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(dis)prove an if and only if statement of a Cauchy sequence and and interval.

  1. Apr 6, 2012 #1
    1. The problem statement, all variables and given/known data
    A sequence (Xn) is Cauchy if and only if, for every ε>0, there exists an open interval length ε that contains all except for finitely many terms of (Xn).


    2. Relevant equations
    The Cauchy Definition is:
    A sequence X = (xn) of real numbers is said to be a Cauchy sequence if for every ε>0 there exists a natural number H(ε) such that for all natural numbers n,m≥H(ε) satisfy |xn - xm| < ε.

    I want to check my contrapositive for the left-to-right implication:
    There exists ε>0, such ALL open intervals ε contain all except for finitely many terms of (xn) => (xn) is not Cauchy.

    3. The attempt at a solution
    [STRIKE]I want to say this is false. As the right side holds the criterion that there is an interval around some point p such that the interval bounds are (p-ε/2 , p+ε/2) while the first only requires that the terms of xn only be between (xm - 1, xm +1). [/STRIKE] I'm certain now that this is true

    [STRIKE]However, I cannot come up with a counter example as when I try it seems that both sides imply each other.[/STRIKE] So then I assumed it was true and to prove it. Now, I believe that the right side does indeed imply Cauchy. So for the left to right implication, I decided to prove it with the contrapositive:

    If the contrapositive is the correct form, then it is easy to see that the hypothesis is false as now finite interval that can be any where on the number line can contain all the terms of a sequence.

    Does this make sense? If not, please let me know what I could clarify. Thank you!
     
    Last edited: Apr 6, 2012
  2. jcsd
  3. Apr 6, 2012 #2

    HallsofIvy

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    A sequence of real numbers is Cauchy if and only if it converges.
     
  4. Apr 6, 2012 #3
    Thank you very much for this. This does help me see that the statement is true.
    Unfortunately, and I apologize for not mentioning this, we are not allowed to refer to convergence. So that theorem isn't allowed for this problem. Thank You!
     
  5. Apr 6, 2012 #4

    Dick

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    I think your converse should read:
    There exists ε>0, such that for ALL open intervals of size ε there are an infinite number of terms of (xn) outside of the interval => (xn) is not Cauchy.

    But I'm not sure using the contrapositive is the best way to prove this. Try it directly.
     
    Last edited: Apr 6, 2012
  6. Apr 6, 2012 #5
    Oh wow, I think it was much easier than I was thinking. Using my beginning definition of Cauchy, I will prove it left to right first:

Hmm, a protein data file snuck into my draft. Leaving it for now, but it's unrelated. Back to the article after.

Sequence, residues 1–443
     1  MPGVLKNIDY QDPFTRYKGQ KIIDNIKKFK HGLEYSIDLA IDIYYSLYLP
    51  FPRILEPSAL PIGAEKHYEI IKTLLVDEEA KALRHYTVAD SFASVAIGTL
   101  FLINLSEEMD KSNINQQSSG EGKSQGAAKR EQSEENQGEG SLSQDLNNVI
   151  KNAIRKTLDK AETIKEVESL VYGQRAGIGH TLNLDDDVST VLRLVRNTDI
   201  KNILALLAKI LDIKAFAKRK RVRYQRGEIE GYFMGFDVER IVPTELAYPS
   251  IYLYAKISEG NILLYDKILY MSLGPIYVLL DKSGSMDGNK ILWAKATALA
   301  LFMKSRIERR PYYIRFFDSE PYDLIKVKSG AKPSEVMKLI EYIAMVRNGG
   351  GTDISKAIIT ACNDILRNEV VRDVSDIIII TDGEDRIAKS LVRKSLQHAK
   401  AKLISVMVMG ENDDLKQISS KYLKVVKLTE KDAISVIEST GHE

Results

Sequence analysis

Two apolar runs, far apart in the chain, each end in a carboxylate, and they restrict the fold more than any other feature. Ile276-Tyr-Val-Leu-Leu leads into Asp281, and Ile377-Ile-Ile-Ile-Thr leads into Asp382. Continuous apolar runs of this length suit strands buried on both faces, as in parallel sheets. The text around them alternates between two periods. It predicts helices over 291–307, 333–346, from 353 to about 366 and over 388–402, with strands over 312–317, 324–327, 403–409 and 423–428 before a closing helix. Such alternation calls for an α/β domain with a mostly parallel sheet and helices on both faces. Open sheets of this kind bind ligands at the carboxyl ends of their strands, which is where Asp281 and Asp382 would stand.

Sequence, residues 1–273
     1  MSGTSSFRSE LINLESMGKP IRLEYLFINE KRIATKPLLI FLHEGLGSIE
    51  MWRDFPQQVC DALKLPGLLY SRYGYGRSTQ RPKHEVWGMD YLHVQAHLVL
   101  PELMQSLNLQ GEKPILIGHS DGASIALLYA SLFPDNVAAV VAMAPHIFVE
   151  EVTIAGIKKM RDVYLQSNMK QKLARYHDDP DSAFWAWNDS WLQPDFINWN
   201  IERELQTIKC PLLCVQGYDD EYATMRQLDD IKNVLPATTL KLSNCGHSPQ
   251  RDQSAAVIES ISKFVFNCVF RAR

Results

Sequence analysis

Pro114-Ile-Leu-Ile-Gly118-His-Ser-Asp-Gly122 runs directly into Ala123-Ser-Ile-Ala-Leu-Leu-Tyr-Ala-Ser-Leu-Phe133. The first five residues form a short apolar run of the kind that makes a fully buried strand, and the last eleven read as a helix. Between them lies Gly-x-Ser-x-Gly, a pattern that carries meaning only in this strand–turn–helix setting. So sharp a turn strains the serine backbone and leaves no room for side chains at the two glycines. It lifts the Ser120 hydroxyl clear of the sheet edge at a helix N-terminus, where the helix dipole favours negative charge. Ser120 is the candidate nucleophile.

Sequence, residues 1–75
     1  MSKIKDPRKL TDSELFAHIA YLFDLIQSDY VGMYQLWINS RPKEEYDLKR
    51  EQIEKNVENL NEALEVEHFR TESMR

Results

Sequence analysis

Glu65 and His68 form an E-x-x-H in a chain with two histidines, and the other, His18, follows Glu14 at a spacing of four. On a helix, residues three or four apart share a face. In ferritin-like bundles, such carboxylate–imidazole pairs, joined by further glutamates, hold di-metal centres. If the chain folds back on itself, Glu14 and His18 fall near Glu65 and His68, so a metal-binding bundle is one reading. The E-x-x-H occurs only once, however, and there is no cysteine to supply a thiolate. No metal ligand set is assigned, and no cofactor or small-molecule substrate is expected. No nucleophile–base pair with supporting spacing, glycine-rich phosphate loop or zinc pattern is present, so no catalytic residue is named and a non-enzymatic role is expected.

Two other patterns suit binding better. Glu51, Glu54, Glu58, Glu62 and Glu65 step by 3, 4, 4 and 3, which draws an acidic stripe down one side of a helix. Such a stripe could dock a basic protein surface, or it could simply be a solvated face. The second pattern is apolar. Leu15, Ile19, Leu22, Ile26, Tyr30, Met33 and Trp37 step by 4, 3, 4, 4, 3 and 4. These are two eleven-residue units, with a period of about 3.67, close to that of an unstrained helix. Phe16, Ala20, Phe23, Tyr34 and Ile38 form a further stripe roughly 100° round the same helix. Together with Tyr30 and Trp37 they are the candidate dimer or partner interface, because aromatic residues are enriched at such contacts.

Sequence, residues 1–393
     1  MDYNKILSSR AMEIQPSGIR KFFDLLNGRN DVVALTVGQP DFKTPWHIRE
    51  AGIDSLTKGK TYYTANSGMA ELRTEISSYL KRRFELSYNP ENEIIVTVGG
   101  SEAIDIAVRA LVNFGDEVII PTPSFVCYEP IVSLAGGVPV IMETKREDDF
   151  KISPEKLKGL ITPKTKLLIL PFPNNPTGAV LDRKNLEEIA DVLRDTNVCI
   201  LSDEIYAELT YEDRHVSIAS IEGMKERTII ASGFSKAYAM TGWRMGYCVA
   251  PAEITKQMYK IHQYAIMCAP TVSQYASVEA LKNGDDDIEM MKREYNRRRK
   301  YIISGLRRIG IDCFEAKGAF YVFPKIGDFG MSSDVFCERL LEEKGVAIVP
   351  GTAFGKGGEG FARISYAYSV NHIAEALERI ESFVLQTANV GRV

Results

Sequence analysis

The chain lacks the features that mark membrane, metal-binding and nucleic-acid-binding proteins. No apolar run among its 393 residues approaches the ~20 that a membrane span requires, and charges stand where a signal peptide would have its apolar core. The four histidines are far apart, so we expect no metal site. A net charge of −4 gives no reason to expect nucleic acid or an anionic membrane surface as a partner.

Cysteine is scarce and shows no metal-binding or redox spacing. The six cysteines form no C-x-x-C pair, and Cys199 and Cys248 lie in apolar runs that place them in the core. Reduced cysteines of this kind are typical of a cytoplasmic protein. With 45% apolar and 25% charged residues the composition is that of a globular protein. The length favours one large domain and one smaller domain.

Spse (xn) is Cauchy.
    Let ε/2 > 0, there exists a natural number H s.t. for all n,m≥H
    |xn - xm| < ε/2,
    Taking m = H
    |xn - xH| < ε/2 if and only if -ε/2 + xH<xn< ε/2 + xH for all n≥H
    Thus, the number of terms that can be outside of this interval is H-1.
    Since ε/2>0 is arbitrary:
    For all ε>0, there exists an open interval of length ε that contains all except for finitely many terms of (xn).
    Q.E.D (1)

    Boom! How is that?

    Proof in the right-to-left direction:
    Spse for all ε>0, there exists an open interval of length ε containing all except for finitely many terms of (xn).
    This implies there exists a natural number H s.t. for all n,m≥H, -ε/2 <xn - xm< ε/2 if and only if |xn - xm| < ε/2 for all n,m≥H.
    Since ε/2 > 0 is arbitrary, we conclude that (xn) is Cauchy.
    Q.E.D (2)
     
    Last edited: Apr 6, 2012
  7. Apr 6, 2012 #6

    Dick

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    Pretty good. You might want to explicitly say what H is in the second part.
     
  8. Apr 6, 2012 #7
    Thank you :) I can't believe that I over-thought that so much. However, I'm a bit confused as to what you mean? I don't quite know what to state that H is apart from a natural number that serves as the "beginning natural index" for n and m.
     
  9. Apr 6, 2012 #8

    Dick

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    I mean that you know there are only a finite number of (xn) that are outside of your interval. Call them {x_n1,x_n2,...x_nk}. Pick H to be the max of {n1,n2,...,nk}. That works, yes?
     
  10. Apr 6, 2012 #9
    Oh ok, I understand that. But can we let H be that max since n or m could actually equal H? I would think the max of that set is not necessarily within that interval so n,m cant necessarily be ≥ H.

    How about something like this: "Thus at most there are H-1 terms outside of the given interval. Let xH be the first term in the interval such that for all n,m≥H", (continue the proof set up). That does make more sense though, thank you for pointing that out to me.
     
  11. Apr 6, 2012 #10

    Dick

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    Well, ok. Pick H=max{n1,n2,...,nk}+1, since you have a >= sign. All of this is just fussing around. You certainly have the right idea.
     
  12. Apr 6, 2012 #11
    Oh ok, great! That makes sense! My teacher, will knock huge points quick for mislabeling and I probably would haha. I really appreciate the help, again! Have a great weekend!
     
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